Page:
5 nswers to Problem Set #5 Figure (a) Germany clearly had the ability to change the dollar/m exchange simply by altering its money supply. The fact that billions of dollars worth of currencies are traded each day is irrelevant because exchange rates equilibrate markets for stocks of assets, and the trade volumes mentioned are flows. (b) One must distinguish between sterilized and nonsterilized intervention. The evidence regarding sterilized intervention suggests that its effects are limited to the signaling aspect. This aspect may well be most important when markets are unusually erratic, and the signals communicated may be most credible when the central bank is not attempting to resist clear-cut market trends (which depend on the complete range of government macroeconomic policies, among other factors). Nonsterilized intervention, however, is a powerful instrument in affecting exchange rates. (c) The psychological effect of a stated intention to intervene may be more precisely stated as an effect on the expected future level of the exchange rate. (d) rewrite might go as follows: To keep the dollar from falling against the West German mark, the uropean central banks would have to sell marks and buy dollars, a procedure known as intervention. Because the available stocks of dollar and mark bonds are so large, it is unlikely that sterilized intervention in the dollar/mark market, even if carried out by the two most economically influential members of the uropean Community Britain and West Germany would have much effect. The reason is that sterilized intervention changes only relative bond supplies and leaves national money supplies unchanged. Intervention by the United States and Germany that was not sterilized, however, would affect those countries money supplies and have a significant impact on the dollar/mark rate. 5

6 nswers to Problem Set #5 conomists believe that the direct influence of sterilized intervention on exchange rates is small compared with that of nonsterilized intervention. ven sterilized intervention can affect exchange rates, however, through its indirect influence on market expectations about future policies. Such psychological effects, which can result from just the stated intention of the Community s central banks to intervene, can disrupt the market by confusing traders about official plans. The signaling effect of intervention is most likely to benefit the authorities when their other macroeconomic policies are already being adjusted to push the exchange rate in the desired direction. 9. By expanding output, a devaluation automatically raises private saving, since part of any increase in output is saved. Government tax receipts rise with output, so the budget deficit is likely to decline, implying an increase in public saving. We have assumed investment to be constant in the main text. If investment instead depends negatively on the real interest rate (as in the IS-LM model), investment rises because devaluation raises inflationary expectations and thus lowers the real interest rate. (The nominal interest rate remains unchanged at the world level.) The interest-sensitive components of consumption spending also rise, and if these interest-rate effects are strong enough, a current-account deficit could result.. n import tariff raises the price of imports to domestic consumers and shifts consumption from imports to domestically produced goods. This causes an outward shift in the curve, increasing output and appreciating the currency. Since the central bank cannot allow exchange rates to change, it must increase the money supply, an action depicted in the diagram as an outward shift in the schedule. Corresponding to this monetary expansion is a balance of payments surplus and an equal increase in official foreign reserves. The fall in imports for one country implies a fall in exports for another country, and a corresponding inward shift of that country s curve necessitating a monetary contraction by the central bank to preserve its fixed exchange rate. If all countries impose import tariffs, then no country succeeds in turning world demand in its favor or in gaining reserves through an improvement in its balance of payments. Trade volumes shrink, however, and all countries lose some of the gains from trade. 5. The monetary authorities can combine a change in the money supply with a purchase or sale of its foreign assets to keep the exchange rate fixed while altering the domestic interest rate. For example, the monetary authorities lower domestic interest rates by increasing the money supply. To maintain a fixed value of the exchange rate, the monetary authority would also sell foreign assets and purchase domestic assets. In the figure below, the increase in the money supply lowers the interest rate from R to R. The purchase of domestic assets and sale of foreign assets, while having no further effect on the money supply, lowers the risk premium, shifts the interest parity schedule from II to I I and maintains the exchange rate at. 6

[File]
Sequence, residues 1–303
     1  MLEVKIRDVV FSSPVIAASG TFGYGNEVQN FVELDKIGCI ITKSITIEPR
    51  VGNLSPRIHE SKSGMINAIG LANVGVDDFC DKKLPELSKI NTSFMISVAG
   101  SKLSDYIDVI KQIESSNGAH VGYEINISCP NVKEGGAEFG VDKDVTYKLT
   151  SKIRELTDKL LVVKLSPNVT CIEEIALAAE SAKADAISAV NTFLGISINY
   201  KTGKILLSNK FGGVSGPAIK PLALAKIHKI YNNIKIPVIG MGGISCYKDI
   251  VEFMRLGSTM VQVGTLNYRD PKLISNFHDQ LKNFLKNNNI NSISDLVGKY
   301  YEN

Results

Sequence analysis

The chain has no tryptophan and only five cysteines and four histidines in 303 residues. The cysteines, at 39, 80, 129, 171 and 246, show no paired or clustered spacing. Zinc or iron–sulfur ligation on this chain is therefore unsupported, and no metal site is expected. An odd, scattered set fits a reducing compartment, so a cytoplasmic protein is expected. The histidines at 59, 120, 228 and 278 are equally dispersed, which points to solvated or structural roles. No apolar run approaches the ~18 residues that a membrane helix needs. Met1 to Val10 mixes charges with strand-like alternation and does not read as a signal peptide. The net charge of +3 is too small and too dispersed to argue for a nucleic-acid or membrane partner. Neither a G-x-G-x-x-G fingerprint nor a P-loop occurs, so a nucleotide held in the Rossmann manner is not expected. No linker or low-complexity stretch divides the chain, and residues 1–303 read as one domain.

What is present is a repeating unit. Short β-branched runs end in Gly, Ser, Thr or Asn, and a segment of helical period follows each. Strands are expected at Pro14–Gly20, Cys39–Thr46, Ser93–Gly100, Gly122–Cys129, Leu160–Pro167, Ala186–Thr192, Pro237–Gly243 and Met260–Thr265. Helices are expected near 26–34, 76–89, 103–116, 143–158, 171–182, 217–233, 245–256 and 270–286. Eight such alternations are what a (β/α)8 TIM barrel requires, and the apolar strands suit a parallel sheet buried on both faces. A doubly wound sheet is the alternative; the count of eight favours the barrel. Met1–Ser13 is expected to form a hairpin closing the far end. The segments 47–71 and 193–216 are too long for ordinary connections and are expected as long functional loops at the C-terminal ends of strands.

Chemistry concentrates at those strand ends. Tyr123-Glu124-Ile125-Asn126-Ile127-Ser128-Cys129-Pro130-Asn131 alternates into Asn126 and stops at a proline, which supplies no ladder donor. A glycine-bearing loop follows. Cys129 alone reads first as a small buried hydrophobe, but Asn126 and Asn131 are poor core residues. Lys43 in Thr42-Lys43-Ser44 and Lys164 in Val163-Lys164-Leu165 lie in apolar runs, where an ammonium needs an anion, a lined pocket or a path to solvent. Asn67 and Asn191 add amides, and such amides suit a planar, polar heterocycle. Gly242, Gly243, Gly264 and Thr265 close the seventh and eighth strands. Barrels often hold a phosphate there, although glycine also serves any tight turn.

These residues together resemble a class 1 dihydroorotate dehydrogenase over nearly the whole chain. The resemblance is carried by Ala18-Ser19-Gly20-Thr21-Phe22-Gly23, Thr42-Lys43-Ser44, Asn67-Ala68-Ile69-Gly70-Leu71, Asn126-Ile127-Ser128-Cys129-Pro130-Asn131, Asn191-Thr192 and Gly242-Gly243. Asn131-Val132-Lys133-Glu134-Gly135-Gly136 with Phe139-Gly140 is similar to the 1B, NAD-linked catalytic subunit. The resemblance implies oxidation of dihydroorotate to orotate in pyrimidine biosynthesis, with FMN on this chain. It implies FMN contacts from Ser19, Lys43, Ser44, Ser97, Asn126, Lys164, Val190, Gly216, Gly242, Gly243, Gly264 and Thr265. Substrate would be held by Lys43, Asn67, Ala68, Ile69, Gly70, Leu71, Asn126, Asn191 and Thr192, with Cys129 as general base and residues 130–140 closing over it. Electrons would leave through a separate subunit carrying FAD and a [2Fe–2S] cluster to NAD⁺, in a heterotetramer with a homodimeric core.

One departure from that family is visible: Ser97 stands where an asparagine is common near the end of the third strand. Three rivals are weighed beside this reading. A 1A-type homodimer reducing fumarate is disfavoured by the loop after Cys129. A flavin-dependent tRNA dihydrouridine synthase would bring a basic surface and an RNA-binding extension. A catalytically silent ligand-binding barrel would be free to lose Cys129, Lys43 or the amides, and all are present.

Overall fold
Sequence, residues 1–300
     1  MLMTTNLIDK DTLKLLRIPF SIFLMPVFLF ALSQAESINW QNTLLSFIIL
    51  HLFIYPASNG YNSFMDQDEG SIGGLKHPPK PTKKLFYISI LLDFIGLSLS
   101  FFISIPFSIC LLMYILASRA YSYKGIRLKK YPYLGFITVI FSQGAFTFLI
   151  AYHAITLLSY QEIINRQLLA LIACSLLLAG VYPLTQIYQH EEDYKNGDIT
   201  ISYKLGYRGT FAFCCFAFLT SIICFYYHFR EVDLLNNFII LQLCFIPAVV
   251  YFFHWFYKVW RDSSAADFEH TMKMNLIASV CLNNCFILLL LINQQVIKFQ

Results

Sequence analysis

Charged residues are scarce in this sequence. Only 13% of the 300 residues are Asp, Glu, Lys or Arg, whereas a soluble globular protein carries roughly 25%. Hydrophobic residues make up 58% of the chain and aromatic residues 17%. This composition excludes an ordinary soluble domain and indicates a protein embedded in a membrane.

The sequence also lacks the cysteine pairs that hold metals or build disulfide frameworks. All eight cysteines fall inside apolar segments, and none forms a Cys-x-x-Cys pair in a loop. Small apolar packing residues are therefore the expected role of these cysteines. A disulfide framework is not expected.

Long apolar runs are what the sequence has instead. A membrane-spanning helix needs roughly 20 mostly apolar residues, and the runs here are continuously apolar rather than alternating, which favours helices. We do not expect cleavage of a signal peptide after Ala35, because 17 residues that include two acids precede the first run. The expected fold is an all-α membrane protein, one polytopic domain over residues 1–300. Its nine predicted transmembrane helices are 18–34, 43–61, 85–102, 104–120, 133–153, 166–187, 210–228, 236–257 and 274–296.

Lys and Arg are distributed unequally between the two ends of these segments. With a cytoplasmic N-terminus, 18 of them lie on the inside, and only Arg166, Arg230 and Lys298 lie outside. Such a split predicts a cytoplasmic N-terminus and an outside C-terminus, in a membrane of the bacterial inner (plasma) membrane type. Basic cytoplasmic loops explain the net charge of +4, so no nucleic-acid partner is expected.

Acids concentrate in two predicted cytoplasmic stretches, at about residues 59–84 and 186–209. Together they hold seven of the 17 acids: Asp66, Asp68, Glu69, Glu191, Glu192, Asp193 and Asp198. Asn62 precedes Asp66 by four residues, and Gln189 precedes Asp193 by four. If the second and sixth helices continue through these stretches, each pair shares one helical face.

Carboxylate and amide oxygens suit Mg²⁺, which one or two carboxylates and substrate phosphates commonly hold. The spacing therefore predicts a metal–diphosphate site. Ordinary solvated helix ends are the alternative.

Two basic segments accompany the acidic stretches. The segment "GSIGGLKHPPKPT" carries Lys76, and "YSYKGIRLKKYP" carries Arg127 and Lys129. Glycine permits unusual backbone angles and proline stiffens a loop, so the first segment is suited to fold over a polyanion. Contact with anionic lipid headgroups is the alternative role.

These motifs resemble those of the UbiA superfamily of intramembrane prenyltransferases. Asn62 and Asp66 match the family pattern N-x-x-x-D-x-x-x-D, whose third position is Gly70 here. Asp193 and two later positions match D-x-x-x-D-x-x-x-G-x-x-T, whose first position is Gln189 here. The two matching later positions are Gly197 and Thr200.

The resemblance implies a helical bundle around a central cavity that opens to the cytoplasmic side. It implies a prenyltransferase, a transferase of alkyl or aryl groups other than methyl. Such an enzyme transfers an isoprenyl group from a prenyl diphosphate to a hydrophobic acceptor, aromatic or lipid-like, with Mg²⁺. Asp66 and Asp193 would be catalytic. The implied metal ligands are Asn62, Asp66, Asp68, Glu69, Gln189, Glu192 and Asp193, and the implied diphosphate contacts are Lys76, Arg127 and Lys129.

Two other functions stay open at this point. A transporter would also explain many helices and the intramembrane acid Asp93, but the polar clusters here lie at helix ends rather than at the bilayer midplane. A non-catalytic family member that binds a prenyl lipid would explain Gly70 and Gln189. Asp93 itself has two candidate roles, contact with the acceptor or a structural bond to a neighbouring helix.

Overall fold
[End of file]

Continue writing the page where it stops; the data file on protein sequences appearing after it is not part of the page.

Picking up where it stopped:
7 nswers to Problem Set #5 I I R R I I R M /P M 2 /P M/P L 7